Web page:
Less than a week later, Panik got the tap on the shoulder to go speak with his long-time manager, Bruce Bochy. He was being designated for assignment. Panik figured he might be non-tendered at the end of the season, but he wasn’t expecting to be jobless in August. Bochy described it as “one of the more difficult conversations I’ve had in my career.”

“Boch, he was the one who had faith in me as a 23-year-old kid, put me out there on a World Series team,” Panik said. “I have a lot of respect, a lot of love for him. So, that was not a fun conversation. It was emotional. It was really tough.

“It really stung at the time just because of all the friendships I had there. That’s the only organization I knew since 2011. I got drafted by them and came up with them. But, at the same time, the next day, you kind of get your mind back to it. Like, ‘All right, there’s still plenty of season left to do some work.’

Fortunately for Panik, the New York Mets were also making a playoff push and needed a second baseman to fill in for the injured Robinson Cano. Suddenly Panik was playing ball in his home state and finally experiencing success again. He had 13 hits in his first 12 games with New York and went on to bat .277/.333/.404 over a 103-plate appearance sample through the end of the season.

“It just felt really good to get back to playing my game,” he said. “I showed I can still play some baseball.”

Offensively, Panik’s numbers have been fairly pedestrian outside his remarkable, 129-OPS+, all-star 2015 campaign. He’s batted .257/.323/.371 over the four seasons since, hitting only 29 home runs in an era when the ball is leaving yards more often than ever.

But as strikeouts have risen in turn, Panik’s remained one of the toughest players in MLB to get a pitch past. His nine per cent strikeout rate over those four seasons is the second-best in baseball, as is his 90 per cent contact rate.

It’s a bit of a throwback profile. Panik’s exit velocities and hard-hit rates are consistently below average, but he puts the ball in play as much as anyone and can work deep, disciplined plate appearances, coupling an ability to foul off tough pitches with one of MLB’s lowest chase rates.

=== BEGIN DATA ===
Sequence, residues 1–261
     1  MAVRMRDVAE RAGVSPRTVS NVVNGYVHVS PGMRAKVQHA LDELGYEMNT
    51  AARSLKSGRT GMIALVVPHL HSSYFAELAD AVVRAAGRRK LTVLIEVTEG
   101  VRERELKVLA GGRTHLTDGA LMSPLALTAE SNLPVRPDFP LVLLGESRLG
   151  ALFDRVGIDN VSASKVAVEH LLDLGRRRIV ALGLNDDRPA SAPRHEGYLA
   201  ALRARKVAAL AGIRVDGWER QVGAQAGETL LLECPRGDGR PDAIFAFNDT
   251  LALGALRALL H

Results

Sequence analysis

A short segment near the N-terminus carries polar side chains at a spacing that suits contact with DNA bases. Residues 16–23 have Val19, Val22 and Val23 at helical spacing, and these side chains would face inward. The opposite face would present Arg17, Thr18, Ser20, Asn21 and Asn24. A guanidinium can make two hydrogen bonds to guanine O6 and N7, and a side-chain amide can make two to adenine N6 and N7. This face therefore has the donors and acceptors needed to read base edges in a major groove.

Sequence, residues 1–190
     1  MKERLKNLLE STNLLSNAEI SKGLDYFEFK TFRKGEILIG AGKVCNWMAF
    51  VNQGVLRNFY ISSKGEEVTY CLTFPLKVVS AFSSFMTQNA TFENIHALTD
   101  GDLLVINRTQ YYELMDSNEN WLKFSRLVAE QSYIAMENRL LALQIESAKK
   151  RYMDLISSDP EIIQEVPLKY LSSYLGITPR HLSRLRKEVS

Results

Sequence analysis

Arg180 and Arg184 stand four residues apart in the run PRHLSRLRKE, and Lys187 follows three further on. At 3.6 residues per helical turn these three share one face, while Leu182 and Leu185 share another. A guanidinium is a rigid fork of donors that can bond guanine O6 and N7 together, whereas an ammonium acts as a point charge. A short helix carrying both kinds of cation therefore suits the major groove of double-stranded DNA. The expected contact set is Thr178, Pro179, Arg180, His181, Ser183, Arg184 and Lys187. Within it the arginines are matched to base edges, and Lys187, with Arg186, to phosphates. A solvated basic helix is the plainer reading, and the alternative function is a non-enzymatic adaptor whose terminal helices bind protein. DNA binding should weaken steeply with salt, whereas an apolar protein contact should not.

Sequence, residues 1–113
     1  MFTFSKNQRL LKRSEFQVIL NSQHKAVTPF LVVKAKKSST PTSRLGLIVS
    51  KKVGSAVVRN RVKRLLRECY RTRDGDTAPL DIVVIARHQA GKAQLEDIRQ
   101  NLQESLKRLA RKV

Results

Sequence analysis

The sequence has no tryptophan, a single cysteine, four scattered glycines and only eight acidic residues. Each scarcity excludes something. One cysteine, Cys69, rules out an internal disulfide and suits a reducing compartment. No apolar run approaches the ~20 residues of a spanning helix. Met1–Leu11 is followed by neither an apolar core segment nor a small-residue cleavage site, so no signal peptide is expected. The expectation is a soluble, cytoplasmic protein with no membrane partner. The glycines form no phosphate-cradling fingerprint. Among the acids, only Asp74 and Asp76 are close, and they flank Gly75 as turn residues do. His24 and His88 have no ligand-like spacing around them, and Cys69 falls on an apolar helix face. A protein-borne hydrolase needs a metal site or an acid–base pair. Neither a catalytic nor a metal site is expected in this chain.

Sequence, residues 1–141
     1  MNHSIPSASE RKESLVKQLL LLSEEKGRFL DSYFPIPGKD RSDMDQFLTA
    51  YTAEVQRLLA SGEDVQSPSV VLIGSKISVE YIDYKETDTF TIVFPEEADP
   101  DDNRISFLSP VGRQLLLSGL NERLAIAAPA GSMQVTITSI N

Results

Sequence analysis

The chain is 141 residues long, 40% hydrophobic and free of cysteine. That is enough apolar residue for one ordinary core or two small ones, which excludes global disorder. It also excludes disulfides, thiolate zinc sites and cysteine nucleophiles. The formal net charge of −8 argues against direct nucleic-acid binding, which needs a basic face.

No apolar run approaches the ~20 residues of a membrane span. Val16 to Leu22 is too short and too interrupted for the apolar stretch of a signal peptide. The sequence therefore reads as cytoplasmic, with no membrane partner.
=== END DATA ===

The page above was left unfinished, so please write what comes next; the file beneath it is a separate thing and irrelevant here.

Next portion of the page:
There are worse things to have at the bottom of your batting order. And Panik’s .262 BABIP last season suggests he didn’t benefit from much batted ball luck. If that number can climb closer to Panik’s career average (.287) this season, his offensive numbers are bound to improve. A move from San Francisco’s Oracle Park and New York’s Citi Field — bottom five offensive environments in 2019 — to the much more hitter-friendly Rogers Centre in Toronto ought to help that along, too.

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The Blue Jays also see value in adding another veteran to an extremely inexperienced clubhouse. Panik’s reputation as a quiet professional and diligent worker is well earned. And he’s seen an awful lot in his still-young career. He’s won a World Series and been an all-star. He’s featured on winning Giants teams and ones that finished last in their division. The Blue Jays are hoping his consistent approach through it all is an example its young players will be influenced by.

“Playing on good teams, you learn that it’s not about just showing up at 7:07 and playing the game. There’s a lot of preparation and a lot of work that goes in beforehand,” he said. “Numbers are great. Everybody wants to hit 50 home runs. But when it comes to September and October, it’s how you play as a team. Can you move the runner over? Can you put the ball in play? Can you make the plays in the field? Can you get the timely hit? Can you have a team at-bat?

“It’s about trying to be the same person day in and day out. Come to the field with the same attitude every day. Come and do the same work every day. Don’t ride the roller coaster. Stay as even keeled as possible. I’m not saying don’t get excited when things go great and don’t show emotion when things go bad. But it’s going to be a bumpy ride. It’s not always going to be smooth sailing. There’s going to be some turbulence along the way. It’s just about fighting through it.”

Panik knows that well after his choppy 2019. And it’s not like he’s out of the woods just yet. He still has to make Toronto’s 26-man roster, even though he’s in a great position to do so. And if he does, the Blue Jays will have to open a spot on their 40-man and pay Panik $2.85 million for the season, which are considerations that will have to be dealt with upon the end of camp.

But if Panik can make all the plays he knows he can at shortstop this spring, and contribute a few competitive plate appearances along the way, there’s a very good chance he’ll be doing the same at Rogers Centre come April. That gives him plenty to play for over the next few weeks. Not that he needs it.

“I’m always playing to prove something,” Panik says. “I know where I’m at roster-wise, competing-wise. But that’s the only thing that’s different this spring. I’m not changing anything in regard to effort level. I’m not changing anything in regard to mentality. Because I don’t take anything lightly. I never have. Mentally, physically, I’m doing the same thing I’ve always done. I don’t take anything for granted.”